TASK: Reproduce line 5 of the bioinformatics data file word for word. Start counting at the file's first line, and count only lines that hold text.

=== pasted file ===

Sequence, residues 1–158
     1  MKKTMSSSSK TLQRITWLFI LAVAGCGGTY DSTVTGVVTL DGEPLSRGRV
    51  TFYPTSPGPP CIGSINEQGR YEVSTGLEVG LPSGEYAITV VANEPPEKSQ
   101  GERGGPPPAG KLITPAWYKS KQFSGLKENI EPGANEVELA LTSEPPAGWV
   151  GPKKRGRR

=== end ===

   151  GPKKRGRR